When we set out to do something, at first we will probably be very motivated and excited – it’s the novelty effect or the honeymoon phase, but then at one point we might start to feel like we are losing momentum, which is when some negative thinking patterns appear.
Knowing these patterns is very useful to have as warning signals.
Let’s look at them as personality types – see which one you recognize yourself most in:
The Perfectionist is great at getting the details right. They learn the rules and apply them to precision. But, the problem is when something comes up that doesn’t really fit in ‘the rules’ – then what? They usually start a project off with the best of intentions, a shiny new notebook, sharpened pencils, but then some way done the line, they miss a lesson or fall behind for some reason.
Whereas for other people, this is not a biggie, for the perfectionist it is huge – with one slip they have messed the entire project up! So one slip turns into two, and so forth.
What to do about it: look at the end goal. It’s ok to have a slip along the way, it is not going to ruin everything. Focus on getting it right most of the time, not all the time. Don’t let one small hiccup become a major issue and throw you off course.
The Overachiever is going to take a project and push it to its maximum, and then add on other things to ‘make it better’, but then struggles to keep up, so will probably have worse results than if they had just stuck to the original plan.
The Know-It-All personality type will constantly question the project’s method and technique, then attempt to mix in other methods.
So instead of sticking to one path, they will be switching from one to the other, and therefore not really getting anywhere in an efficient way.
They will research endlessly and have information overload, so usually either feel overwhelmed or can’t stick to one plan that has proven results.
What to do? Just choose a path and stick with it. Ialways remember one of my friends who was a new mum, chose a book she related with and applied its advice to dealing with her baby. Another friend had a baby at about the same time, and was in a total panic as she kept on reading conflicting advice from different books. So instead of reading several different books and getting confused, pick one that you can relate to and apply that.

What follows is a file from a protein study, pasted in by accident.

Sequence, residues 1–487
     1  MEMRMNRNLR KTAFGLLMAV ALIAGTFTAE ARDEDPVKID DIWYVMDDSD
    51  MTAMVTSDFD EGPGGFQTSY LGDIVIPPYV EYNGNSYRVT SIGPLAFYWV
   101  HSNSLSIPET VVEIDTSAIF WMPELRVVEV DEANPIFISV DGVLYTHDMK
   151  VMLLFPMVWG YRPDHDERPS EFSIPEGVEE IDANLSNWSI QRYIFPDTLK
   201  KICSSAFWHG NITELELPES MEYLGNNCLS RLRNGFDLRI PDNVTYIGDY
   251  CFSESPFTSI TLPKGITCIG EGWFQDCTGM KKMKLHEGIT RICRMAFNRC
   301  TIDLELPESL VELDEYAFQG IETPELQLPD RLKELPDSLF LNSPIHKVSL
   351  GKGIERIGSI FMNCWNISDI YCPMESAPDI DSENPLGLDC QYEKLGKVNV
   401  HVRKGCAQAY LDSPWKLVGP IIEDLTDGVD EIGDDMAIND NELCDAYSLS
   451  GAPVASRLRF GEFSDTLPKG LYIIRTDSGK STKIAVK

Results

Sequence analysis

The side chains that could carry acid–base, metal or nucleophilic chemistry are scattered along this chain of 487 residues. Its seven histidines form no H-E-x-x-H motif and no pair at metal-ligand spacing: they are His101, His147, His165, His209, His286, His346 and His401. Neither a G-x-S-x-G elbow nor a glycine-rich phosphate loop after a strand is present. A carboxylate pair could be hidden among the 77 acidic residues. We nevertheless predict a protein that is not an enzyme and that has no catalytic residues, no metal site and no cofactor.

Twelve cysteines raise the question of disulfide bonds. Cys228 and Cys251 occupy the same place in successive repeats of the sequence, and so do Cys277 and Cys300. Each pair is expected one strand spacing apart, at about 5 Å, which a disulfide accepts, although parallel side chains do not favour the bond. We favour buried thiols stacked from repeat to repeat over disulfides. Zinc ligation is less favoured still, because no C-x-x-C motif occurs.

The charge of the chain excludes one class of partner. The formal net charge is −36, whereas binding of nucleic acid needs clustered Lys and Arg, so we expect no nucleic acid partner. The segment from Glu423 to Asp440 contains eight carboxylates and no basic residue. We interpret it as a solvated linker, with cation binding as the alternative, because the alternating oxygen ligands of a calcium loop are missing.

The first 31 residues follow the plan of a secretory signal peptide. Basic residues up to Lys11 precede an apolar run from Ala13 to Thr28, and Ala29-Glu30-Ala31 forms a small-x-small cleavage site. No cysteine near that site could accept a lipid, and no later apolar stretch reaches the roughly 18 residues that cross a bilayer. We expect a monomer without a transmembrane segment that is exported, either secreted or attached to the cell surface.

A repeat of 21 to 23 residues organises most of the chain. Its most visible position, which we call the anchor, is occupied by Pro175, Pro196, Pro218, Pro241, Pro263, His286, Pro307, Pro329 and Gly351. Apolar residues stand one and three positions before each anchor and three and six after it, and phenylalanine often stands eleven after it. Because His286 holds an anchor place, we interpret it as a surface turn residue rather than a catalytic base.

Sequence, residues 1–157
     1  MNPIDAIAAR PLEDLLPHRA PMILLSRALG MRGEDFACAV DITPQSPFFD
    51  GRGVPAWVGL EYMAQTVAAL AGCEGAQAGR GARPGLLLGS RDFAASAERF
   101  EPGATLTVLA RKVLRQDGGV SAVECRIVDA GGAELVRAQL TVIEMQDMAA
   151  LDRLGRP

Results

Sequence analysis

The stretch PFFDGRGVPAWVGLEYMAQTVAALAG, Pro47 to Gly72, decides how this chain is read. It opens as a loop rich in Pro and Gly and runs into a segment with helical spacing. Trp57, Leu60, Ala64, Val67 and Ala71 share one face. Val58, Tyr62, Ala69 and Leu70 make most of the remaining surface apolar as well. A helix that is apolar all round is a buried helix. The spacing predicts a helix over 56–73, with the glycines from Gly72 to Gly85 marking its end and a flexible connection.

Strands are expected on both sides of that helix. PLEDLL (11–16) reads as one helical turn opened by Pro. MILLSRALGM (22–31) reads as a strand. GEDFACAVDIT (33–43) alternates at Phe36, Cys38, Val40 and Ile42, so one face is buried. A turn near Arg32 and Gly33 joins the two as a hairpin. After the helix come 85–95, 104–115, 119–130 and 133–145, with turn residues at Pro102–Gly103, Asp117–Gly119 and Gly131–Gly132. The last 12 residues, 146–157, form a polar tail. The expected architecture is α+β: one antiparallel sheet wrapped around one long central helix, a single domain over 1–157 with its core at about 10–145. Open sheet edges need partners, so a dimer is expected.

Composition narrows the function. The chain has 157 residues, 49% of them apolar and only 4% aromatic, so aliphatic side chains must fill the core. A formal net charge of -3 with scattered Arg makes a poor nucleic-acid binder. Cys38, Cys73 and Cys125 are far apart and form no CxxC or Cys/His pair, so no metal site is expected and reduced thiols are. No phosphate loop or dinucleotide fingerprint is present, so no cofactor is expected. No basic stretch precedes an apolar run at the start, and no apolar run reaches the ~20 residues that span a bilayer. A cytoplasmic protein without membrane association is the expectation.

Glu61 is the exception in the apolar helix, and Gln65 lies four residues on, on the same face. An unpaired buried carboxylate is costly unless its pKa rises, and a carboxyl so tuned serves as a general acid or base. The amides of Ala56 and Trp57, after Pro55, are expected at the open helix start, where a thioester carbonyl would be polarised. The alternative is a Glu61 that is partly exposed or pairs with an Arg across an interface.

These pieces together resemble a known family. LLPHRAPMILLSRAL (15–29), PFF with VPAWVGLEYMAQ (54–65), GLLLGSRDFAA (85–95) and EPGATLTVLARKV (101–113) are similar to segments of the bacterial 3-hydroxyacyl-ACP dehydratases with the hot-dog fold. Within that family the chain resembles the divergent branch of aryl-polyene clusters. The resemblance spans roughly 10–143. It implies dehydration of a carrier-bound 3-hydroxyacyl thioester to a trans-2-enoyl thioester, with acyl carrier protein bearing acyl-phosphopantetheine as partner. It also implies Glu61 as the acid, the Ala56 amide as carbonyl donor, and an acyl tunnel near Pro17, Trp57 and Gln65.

The Rollercoaster Rider
The Rollercoaster Rider tends to work really hard for a few weeks, getting some great results, but then feels confident about how well they are doing, so has a slip up, which in turn means they make less progress, so they get disappointed, commit to doing well again, have another good phase, then go down again, and so on.
It’s up and down with the Rollercoaster, so the results aren’t brilliant. It’s better to go at a steady pace and be consistent, than to go full speed, run out of breath and then take some time off.
This Excuser is a master at coming up with excuses for every situation.
But this is really just the Ego’s way to making failure ‘sting’ less.
So instead of wasting time coming up with all these reasons of ‘why’ you didn’t do something, just acknowledge that you didn’t do it – no biggie – and keep on going so that you get it done.
Maybe you recognise your saboteur as one of these types, or maybe a bit of each of them, depending on the day and the situation.
We all play different roles of these saboteurs everyday. We’re all the Perfectionist, the Overacheiver, The Know-It-All, The Rollercoaster, and the Excuser.
Just being aware and noticing them is a great place to start.
Then, when they pop up, make sure you recognize them for what they are and don’t let them sabotage what you want to achieve.
I would love to hear which one is yours, so do leave a reply below!